Changing ZR culture
The “ZR culture” of lawlessness and recklessness among public service vehicle (PSV) operators is slowly being eroded and is being replaced by discipline, according to top officials of the private transport sector.
Chairman of the Association of Owners of Public Transport (AOPT) Roy Raphael told Barbados TODAY this afternoon that Barbadians had been stepping forward and reporting misconduct by ZR and minibus drivers through the recently formed joint committee that comprises the various stakeholder bodies. And he has encouraged the public to remain vigilant.
“What we want to do is encourage the public to continue to report to us what they see on our nation’s road, the driving practices of these [operators] and their conduct, so that we ourselves can investigate it and be able to call in the owners and have a discussion with them,” he said.
Raphael said he was generally satisfied that since the formation of the joint committee there had been a reduction in the lawless behaviour of PSV operators.
The PSV owner has also urged insurance companies to go after the bad drivers and not to punish the entire sector for the behaviour of a few.
He said the private transport officials were worried about a recent decision by a local insurance company not to cover any more ZRs or mini buses, unless driven by the owners. Raphael said the matter was of such concern, that the joint committee comprising AOPT, the Association of Public Transport Operators (APTO), Drivers Against Reckless Conduct (DARC) and the National Union of Public Workers (NUPW) had scheduled a meeting with insurance companies on August 28 to hammer out a solution.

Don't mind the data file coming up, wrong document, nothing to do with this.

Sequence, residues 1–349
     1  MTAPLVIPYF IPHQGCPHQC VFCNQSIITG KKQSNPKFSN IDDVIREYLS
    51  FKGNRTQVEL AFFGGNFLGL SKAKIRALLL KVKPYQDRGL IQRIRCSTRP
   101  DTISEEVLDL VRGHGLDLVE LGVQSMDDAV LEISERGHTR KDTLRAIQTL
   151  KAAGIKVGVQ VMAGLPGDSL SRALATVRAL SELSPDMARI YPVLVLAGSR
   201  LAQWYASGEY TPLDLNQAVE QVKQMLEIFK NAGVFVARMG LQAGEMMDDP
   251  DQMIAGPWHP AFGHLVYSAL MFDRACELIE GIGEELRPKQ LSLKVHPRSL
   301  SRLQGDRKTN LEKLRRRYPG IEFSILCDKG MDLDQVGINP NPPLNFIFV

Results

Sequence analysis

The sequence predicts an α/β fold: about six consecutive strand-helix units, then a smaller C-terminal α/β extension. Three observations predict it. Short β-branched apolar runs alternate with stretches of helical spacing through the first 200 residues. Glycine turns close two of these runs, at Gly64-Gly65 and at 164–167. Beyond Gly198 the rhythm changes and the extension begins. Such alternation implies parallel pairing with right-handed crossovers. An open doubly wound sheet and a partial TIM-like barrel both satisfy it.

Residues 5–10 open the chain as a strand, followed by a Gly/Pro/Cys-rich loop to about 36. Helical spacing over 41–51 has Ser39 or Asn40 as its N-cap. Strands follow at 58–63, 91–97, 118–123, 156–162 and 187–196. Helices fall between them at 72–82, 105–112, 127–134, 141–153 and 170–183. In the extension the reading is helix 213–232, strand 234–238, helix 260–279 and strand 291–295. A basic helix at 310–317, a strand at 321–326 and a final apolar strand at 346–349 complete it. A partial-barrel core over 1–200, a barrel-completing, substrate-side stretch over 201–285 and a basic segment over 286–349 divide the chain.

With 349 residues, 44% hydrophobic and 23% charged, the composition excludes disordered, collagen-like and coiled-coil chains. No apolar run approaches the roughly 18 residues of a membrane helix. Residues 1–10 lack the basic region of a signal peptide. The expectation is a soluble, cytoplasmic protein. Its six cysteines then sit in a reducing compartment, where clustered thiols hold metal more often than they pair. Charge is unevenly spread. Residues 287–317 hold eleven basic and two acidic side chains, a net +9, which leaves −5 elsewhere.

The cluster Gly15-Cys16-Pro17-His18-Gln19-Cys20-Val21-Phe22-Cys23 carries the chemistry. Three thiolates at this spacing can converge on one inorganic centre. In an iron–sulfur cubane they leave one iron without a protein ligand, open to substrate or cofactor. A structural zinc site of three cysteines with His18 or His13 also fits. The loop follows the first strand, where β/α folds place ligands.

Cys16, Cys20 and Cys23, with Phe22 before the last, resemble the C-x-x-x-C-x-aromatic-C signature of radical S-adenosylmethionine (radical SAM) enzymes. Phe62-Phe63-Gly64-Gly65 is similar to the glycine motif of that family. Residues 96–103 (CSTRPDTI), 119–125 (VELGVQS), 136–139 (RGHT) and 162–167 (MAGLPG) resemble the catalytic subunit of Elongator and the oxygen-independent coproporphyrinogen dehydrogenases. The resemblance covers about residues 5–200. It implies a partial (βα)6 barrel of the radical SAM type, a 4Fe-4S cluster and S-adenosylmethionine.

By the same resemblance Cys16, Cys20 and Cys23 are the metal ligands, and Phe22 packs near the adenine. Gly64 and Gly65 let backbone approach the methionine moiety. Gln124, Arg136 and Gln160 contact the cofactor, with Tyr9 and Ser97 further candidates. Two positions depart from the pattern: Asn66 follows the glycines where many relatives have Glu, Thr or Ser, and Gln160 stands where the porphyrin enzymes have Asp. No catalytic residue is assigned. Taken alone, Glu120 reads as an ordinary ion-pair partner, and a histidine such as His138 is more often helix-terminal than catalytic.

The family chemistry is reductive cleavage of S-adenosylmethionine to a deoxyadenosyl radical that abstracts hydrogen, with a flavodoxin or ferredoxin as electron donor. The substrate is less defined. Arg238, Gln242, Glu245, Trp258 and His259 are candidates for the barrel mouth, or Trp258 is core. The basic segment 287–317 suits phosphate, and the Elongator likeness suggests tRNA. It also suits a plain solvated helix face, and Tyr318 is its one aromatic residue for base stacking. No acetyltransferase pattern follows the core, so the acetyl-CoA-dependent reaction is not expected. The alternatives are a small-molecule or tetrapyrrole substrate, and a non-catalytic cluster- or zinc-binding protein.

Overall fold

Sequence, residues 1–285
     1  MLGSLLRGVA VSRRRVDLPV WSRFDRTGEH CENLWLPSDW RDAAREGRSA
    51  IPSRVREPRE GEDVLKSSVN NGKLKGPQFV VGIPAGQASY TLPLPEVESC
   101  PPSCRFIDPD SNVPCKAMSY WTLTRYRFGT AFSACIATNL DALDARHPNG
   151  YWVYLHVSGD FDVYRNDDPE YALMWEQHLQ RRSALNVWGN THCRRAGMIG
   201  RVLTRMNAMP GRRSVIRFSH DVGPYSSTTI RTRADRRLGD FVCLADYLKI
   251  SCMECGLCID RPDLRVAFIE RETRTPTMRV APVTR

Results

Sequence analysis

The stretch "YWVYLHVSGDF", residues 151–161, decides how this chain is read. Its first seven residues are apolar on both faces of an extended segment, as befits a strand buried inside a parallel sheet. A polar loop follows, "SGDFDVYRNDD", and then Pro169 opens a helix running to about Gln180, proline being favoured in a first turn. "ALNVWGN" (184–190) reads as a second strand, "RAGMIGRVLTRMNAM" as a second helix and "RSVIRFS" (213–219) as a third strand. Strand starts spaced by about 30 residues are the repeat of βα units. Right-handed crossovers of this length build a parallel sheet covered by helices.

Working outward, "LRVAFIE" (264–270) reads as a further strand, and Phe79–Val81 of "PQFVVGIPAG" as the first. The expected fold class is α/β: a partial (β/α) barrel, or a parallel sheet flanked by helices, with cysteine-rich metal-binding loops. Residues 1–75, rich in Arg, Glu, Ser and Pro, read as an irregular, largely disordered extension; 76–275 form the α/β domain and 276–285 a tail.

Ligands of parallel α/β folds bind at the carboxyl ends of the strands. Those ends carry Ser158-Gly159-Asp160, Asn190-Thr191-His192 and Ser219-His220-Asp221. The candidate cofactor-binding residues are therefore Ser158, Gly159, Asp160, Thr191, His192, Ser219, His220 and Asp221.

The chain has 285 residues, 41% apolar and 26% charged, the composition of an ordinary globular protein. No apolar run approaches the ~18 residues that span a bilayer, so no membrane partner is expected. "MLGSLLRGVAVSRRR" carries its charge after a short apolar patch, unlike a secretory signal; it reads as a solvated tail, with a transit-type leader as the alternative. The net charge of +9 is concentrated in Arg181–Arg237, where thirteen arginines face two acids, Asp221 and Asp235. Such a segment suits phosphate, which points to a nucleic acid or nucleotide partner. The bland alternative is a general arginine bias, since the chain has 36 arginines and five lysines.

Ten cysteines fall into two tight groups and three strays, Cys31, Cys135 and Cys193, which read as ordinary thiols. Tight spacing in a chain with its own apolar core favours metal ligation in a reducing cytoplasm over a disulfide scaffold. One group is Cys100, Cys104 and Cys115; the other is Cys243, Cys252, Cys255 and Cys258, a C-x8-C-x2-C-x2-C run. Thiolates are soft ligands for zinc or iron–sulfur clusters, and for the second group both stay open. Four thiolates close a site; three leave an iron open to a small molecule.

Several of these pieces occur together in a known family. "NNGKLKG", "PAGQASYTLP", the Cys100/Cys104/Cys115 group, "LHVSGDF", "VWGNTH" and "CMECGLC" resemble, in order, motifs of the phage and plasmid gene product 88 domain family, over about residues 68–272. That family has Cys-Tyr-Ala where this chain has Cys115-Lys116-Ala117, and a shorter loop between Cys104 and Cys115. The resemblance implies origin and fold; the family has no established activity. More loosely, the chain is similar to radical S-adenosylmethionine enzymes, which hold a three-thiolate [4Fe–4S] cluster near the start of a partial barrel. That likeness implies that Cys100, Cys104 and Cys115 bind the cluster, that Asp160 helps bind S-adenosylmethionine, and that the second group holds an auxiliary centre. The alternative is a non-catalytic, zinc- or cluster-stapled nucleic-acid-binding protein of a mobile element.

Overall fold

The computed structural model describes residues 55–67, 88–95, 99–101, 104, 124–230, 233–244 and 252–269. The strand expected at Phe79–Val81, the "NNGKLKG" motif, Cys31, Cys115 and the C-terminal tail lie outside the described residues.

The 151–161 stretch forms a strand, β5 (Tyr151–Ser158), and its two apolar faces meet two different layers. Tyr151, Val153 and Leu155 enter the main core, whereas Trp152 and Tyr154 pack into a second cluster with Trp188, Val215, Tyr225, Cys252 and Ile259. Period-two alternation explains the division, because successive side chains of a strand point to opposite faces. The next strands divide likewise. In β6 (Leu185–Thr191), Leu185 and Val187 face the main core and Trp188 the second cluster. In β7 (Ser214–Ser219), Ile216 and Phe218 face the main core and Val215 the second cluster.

“We are meeting with the insurance companies because recently one insurance company would have made the decision not to insure public service vehicles unless they are owner-driven. That, too, is a concern that we have. We have asked the insurance companies, particularly the five insurance companies that presently insure PSVs, let us talk,” the AOPT chairman said, adding he feared that other insurance companies would take similar decisions.
“We want to encourage the insurance companies to go after the bad drivers, the ones that do not want to join the association, the ones that continue to create issues for the PSV sector. Those are the people that we are encouraging the insurance companies to go after, rather than painting everybody with the same brush,” Raphael insisted.
Meanwhile, Barbadians could soon get to share their views on the conduct of the PSV operators with the owners.
“The association may soon be commissioning a survey among the general commuter population to find out their views on the private transport system in Barbados; the relationship between the drivers, the operators, the regulators and passengers; those persons who come together to make the transport system in Barbados work,” revealed Raphael.
He added that he was of the view that there should be greater collaboration between the regulators and the various representative bodies.